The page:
SEPTEMBER 29, 1997
Where's our promised road improvements?
It is perhaps the last nice week of summer weather and yet, as throughout the summer, I see no sign of road improvements being made in anticipation of the TRF project. Oh yes, there was some minor sidewalk improvement. Boy, that really helped the traffic here. I don't suppose I am the only one to notice that the traffic in downtown Woodinville is an absolute embarrassment to all concerned. Reminds me a bit of traffic on Rama IV road in Bangkok, and that is not a positive comparison. Can someone explain to me how this town got its development schedule rear-end backwards by allowing a major project to be completed before improving the infrastructure?
Since the city does not seem to have a clue, allow this local merchant with absolutely no background in civil engineering to make some suggestions. The current plan to have an entrance to the TRF project onto 175th NE is absolutely preposterous given the current traffic condition on this road. First, 177th NE , which runs parallel to the RR tracks to the north must be improved and widened into 3 lanes. The Woodinville-Snohomish RD from at least the Post Office to 140th NE needs to be widened and made into 3 lanes and I note some improvements are being made now. Major improvements need to be made to the intersection of 131st and 177th NE. A major improvement needs made to wherever the road from 177th shall cross the RR tracks. The intersection of the Woodinville-Redmond Rd and 175th is in need of major regrading and related improvements. And I would venture to guess there are indeed other major improvements in order to make this city's traffic flow somewhat normally.
Yet I recently read in this paper that the city anticipates that the TRF project will generate a grand total of $300,000 per year in revenue. Uh, excuse me, but my guess is that the cost of the most basic improvements that are needed right now are quite in excess of that figure by several fold. In fact it would appear to me that the city will actually be losing money on this project. So one is forced to ask who is profiting from this project (hint: landowners and developers) and how did they hoodwink the city into allowing this project to begin without requiring the developers to pay for the necessary improvements that such a project requires. Yep, it ain't just the traffic that reminds me of Bangkok in this town; the smell emanating from city hall is all too familiar when approaching government buildings or driving by some nearby pastures.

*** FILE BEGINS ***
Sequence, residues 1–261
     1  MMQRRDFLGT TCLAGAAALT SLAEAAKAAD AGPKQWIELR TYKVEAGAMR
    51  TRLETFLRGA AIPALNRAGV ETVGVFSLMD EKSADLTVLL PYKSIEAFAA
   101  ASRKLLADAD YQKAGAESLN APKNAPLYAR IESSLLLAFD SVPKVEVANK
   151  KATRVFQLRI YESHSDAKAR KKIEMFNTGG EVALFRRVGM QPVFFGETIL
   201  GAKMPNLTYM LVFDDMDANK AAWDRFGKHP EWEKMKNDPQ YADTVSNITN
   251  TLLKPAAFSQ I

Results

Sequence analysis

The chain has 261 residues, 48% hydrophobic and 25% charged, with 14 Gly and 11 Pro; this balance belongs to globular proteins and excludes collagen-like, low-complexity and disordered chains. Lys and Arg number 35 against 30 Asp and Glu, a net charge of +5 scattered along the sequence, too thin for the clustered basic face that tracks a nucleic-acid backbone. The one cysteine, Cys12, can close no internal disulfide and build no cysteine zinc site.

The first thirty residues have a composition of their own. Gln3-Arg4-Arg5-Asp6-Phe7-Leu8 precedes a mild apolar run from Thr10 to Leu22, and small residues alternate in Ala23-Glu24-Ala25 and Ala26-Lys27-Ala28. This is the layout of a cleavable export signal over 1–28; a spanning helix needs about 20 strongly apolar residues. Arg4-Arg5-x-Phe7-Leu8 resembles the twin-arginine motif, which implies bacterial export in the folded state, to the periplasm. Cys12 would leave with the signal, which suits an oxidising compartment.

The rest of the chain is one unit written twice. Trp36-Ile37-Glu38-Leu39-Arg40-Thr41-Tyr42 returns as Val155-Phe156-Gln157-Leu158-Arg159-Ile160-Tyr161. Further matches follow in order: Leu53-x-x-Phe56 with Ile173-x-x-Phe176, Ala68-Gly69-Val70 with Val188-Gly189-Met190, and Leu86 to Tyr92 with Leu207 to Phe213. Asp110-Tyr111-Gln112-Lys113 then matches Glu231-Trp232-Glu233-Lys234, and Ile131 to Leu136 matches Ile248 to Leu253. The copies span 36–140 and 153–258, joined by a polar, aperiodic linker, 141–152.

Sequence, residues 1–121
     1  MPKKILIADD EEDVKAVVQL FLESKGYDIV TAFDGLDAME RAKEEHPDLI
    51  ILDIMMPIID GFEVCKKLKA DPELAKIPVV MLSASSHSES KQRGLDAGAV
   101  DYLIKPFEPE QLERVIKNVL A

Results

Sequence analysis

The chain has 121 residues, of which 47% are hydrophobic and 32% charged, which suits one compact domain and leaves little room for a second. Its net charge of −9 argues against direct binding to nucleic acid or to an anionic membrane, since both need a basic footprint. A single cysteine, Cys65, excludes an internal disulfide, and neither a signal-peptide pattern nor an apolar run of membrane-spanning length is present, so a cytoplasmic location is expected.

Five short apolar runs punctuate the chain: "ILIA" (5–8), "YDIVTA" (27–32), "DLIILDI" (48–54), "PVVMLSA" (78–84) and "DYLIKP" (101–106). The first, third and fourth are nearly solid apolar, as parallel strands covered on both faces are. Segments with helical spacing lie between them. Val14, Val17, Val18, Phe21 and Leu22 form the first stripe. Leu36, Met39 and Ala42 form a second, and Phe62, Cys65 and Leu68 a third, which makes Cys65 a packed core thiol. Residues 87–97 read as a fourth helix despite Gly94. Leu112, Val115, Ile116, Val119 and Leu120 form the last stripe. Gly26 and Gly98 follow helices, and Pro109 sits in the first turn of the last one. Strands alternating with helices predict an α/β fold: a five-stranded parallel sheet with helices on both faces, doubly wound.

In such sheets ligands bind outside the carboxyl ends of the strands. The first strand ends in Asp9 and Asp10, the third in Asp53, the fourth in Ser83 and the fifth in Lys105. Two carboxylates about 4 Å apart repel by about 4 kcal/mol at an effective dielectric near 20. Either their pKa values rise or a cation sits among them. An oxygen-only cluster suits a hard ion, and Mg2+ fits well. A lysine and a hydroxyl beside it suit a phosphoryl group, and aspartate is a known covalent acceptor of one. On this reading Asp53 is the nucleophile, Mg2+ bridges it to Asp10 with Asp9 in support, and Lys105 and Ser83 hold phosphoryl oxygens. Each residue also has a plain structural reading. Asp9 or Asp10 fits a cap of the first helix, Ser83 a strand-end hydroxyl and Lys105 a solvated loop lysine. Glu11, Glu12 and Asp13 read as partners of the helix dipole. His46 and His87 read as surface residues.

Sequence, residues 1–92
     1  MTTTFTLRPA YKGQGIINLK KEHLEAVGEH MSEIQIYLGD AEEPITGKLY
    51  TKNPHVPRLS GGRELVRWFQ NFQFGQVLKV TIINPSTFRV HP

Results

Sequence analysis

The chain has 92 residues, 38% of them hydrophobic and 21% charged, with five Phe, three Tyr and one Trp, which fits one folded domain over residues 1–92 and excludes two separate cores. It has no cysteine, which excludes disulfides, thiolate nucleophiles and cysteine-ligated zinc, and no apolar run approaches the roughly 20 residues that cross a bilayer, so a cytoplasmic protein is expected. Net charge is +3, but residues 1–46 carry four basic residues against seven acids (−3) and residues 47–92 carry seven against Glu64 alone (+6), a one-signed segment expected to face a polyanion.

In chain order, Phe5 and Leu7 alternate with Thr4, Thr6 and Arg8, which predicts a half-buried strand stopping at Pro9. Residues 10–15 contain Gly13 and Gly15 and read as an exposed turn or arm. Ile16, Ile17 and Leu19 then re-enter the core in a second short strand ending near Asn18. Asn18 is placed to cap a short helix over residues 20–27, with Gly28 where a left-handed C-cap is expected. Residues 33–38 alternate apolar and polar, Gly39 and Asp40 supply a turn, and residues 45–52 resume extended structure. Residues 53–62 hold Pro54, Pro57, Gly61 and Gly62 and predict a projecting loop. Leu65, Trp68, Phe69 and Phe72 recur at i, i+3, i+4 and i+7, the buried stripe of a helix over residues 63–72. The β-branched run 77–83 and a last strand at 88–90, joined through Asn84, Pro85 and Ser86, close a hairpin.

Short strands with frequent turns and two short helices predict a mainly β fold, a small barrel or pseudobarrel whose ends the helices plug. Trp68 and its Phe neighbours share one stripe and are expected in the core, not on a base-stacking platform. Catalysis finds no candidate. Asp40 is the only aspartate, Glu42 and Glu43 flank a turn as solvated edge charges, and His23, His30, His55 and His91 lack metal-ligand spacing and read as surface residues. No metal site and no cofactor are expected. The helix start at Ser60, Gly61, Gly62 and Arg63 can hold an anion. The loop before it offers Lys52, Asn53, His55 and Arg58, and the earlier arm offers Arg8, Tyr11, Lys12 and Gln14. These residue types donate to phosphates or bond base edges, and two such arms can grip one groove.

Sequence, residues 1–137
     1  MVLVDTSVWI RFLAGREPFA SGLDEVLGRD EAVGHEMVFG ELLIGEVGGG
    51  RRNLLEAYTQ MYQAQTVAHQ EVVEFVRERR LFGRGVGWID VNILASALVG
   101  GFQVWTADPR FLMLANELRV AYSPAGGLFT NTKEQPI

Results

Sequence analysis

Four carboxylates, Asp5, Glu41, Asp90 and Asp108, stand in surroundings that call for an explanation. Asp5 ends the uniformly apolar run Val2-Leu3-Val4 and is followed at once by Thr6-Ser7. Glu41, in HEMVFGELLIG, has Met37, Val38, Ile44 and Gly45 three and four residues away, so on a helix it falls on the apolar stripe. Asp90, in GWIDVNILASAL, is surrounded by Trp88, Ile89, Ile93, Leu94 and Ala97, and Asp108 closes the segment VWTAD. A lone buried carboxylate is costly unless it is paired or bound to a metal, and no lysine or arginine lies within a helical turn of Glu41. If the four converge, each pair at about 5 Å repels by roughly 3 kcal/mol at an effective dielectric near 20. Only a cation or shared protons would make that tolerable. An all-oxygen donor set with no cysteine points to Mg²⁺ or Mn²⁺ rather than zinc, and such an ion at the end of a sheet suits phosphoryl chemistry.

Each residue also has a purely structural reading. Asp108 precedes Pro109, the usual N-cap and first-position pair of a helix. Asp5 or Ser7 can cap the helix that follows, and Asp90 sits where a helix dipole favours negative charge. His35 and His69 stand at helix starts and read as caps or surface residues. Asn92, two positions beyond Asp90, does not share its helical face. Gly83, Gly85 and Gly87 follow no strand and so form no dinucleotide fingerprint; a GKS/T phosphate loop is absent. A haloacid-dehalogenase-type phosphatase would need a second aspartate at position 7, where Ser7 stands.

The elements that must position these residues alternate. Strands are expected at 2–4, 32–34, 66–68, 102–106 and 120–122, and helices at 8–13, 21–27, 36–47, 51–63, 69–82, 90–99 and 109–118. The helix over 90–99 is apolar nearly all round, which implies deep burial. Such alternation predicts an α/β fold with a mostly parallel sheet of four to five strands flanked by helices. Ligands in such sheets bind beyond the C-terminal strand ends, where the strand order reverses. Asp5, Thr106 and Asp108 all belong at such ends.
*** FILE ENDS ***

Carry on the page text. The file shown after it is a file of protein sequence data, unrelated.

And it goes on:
There are some possible hopeful signs. Rumor on the street is that Molbak's would like to relocate to a larger area adjacent to their greenhouses. The city should encourage such a move and assist Molbak’s with such a move. And then the city could use a combination of eminent domain rights and purchase to create the much needed north-south arterial between 175th and the south loop RD. Of course Molbak's leaving the city would all but eliminate any tax gain from the TRF porject. But I suspect that next spring when there are two new blockbuster action films opening and Molbak's customers can neither enter nor exit that they will seek alternatives to being a single location business on 175th NE in Woodinville.
Anyway, these are some of the musings of one who is very concerned about the deteriorating traffic in town. Having no pretensions whatsoever to being knowledgeable about any of the above matters, I do encourage others, including the people at city hall and the managers of the TRF project, to make any comments and please tell me why I should not be totally dubious as to the conditions that preceded that major commercial development.
Rande Jaffe, Woodinville